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From the past participle stem of Latin prōtrahō, essentially pro- +‎ tract.



protract (third-person singular simple present protracts, present participle protracting, simple past and past participle protracted)

  1. To draw out; to extend, especially in duration.
    • c. 1591, William Shakespeare, Henry VI, Part 1, Act I, Scene 2,[1]
      Doubtless he shrives this woman to her smock;
      Else ne'er could he so long protract his speech.
    • 1755, Samuel Johnson, A Dictionary of the English Language, London: J. and P. Knapton et al., Volume 1, Preface,[2]
      I have protracted my work till most of those whom I wished to please, have sunk into the grave []
    • 1847, Charlotte Brontë, Jane Eyre, Chapter 19,[3]
      I should wish now to protract this moment ad infinitum; but I dare not.
    • 1979, Angela Carter, “The Tiger’s Bride” in Burning Your Boats: The Collected Short Stories, New York: Henry Holt, 1996, p. 165,[4]
      A bereft landscape of sad browns and sepias of winter lay all about us, the marshland drearily protracting itself towards the wide river.
    • 2010, Christopher Hitchens, ‘The Men Who Made England’, The Atlantic, Mar 2010:
      Still, from these extraordinary pages you can learn that it's very bad to be burned alive on a windy day, because the breeze will keep flicking the flames away from you and thus protract the process.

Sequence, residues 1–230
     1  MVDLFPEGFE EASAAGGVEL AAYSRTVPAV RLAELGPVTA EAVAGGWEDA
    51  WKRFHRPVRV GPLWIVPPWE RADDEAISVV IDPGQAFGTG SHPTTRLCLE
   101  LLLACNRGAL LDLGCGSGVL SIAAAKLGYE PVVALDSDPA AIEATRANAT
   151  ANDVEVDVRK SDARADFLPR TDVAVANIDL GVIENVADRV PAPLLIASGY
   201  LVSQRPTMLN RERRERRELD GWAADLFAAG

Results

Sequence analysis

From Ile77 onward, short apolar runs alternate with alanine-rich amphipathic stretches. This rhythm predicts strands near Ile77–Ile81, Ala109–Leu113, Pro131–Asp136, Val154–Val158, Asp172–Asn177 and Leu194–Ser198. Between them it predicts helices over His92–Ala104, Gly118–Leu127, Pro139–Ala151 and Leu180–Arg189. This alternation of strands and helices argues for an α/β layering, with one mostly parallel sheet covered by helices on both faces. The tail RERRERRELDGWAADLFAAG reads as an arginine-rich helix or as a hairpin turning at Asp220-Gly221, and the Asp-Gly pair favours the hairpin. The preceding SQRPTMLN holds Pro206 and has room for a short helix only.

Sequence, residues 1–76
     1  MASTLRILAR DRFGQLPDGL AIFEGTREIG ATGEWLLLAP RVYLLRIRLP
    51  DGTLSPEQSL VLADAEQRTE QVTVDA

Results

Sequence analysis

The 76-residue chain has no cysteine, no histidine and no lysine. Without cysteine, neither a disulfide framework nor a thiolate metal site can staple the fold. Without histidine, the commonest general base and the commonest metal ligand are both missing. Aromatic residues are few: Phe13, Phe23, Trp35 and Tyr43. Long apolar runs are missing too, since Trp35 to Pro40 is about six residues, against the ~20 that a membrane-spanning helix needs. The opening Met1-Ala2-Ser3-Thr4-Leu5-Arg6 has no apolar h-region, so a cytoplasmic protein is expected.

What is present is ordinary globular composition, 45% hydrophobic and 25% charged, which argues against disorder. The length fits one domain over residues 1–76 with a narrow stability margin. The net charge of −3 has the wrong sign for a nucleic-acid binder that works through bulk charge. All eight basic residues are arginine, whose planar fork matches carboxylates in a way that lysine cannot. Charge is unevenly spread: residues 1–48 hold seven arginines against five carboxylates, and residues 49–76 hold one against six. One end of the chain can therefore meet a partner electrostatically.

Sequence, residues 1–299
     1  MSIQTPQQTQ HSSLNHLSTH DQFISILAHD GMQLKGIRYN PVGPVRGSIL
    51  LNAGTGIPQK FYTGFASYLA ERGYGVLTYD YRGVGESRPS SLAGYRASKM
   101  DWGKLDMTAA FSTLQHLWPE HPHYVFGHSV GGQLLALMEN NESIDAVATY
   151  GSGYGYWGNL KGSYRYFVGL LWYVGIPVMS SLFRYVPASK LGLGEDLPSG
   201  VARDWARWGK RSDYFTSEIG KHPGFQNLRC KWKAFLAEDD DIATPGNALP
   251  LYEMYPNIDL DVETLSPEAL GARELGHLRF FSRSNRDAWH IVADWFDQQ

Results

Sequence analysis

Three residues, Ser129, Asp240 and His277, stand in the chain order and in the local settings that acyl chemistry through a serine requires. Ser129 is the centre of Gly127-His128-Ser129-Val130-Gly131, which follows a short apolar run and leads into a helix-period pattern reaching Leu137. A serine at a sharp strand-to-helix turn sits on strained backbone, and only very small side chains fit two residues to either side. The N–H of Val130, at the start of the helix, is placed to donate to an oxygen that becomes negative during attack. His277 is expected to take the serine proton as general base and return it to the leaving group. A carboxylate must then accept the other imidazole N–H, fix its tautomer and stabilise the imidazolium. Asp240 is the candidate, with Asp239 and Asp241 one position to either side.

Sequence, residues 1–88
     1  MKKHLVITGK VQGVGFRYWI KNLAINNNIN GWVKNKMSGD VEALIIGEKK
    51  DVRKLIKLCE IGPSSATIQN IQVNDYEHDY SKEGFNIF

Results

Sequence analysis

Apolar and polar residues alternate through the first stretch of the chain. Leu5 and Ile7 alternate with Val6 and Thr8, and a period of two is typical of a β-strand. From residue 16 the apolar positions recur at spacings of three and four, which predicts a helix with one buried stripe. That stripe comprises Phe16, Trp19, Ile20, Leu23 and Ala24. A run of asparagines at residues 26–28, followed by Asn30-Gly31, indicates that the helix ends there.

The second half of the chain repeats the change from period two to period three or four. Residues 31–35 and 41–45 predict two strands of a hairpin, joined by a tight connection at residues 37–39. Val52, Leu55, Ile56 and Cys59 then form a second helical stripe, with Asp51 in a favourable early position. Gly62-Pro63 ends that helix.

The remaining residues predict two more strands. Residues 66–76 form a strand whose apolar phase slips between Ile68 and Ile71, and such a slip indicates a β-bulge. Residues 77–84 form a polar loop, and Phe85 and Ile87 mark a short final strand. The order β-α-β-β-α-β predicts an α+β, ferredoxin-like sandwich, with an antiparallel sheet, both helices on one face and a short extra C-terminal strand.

2. To use a protractor.
  3. (surveying) To draw to a scale; to lay down the lines and angles of, with scale and protractor; to plot.
    • 1856, Richard Francis Burton, Personal Narrative of a Pilgrimage to El Medinah and Meccah, London: Longman, Brown, Green and Longmans, Volume 3, Chapter 25, page 147, footnote,[5]
      This is a synopsis of our marches, which, protracted on Burckhardt’s map, gives an error of ten miles.
  4. To put off to a distant time; to delay; to defer.
    to protract a decision or duty
    • c. 1609, William Shakespeare, Cymbeline, Act IV, Scene 2,[6]
      [] Let us bury him,
      And not protract with admiration what
      Is now due debt. To the grave!
    • 1736, Stephen Duck, “To Death” in Poems on Several Occasions, London: for the author, p. 146,[7]
      Then, since I’m sure to meet my Fate,
      How vain would Hope appear?
      Since Fear cannot protract the Date,
      How foolish ’twere to fear?
    • 1819, Walter Scott, The Bride of Lammermoor, Chapter 13,[8]
      Both hoped to protract the discovery of what had happened—the mother, by interposing her bustling person betwixt Mr. Girder and the fire, and the daughter, by the extreme cordiality with which she received the minister and her husband []
    • 1875, Anthony Trollope, chapter 64, in The Way We Live Now, London: Chapman and Hall, []:
      Of course he was in danger of almost immediate detection and punishment. He hardly hoped that the evil day would be very much longer protracted, and yet he enjoyed his triumph.
  5. To extend; to protrude.
    A cat can protract and retract its claws.


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